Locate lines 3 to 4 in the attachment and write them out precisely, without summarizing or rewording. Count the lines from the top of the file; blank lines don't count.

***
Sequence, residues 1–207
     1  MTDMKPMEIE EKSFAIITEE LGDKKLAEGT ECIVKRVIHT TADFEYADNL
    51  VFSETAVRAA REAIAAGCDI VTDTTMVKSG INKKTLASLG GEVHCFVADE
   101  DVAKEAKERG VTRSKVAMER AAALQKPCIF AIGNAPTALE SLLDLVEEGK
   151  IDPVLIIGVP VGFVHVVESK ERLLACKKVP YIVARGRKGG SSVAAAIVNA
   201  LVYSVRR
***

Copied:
    51  VFSETAVRAA REAIAAGCDI VTDTTMVKSG INKKTLASLG GEVHCFVADE
   101  DVAKEAKERG VTRSKVAMER AAALQKPCIF AIGNAPTALE SLLDLVEEGK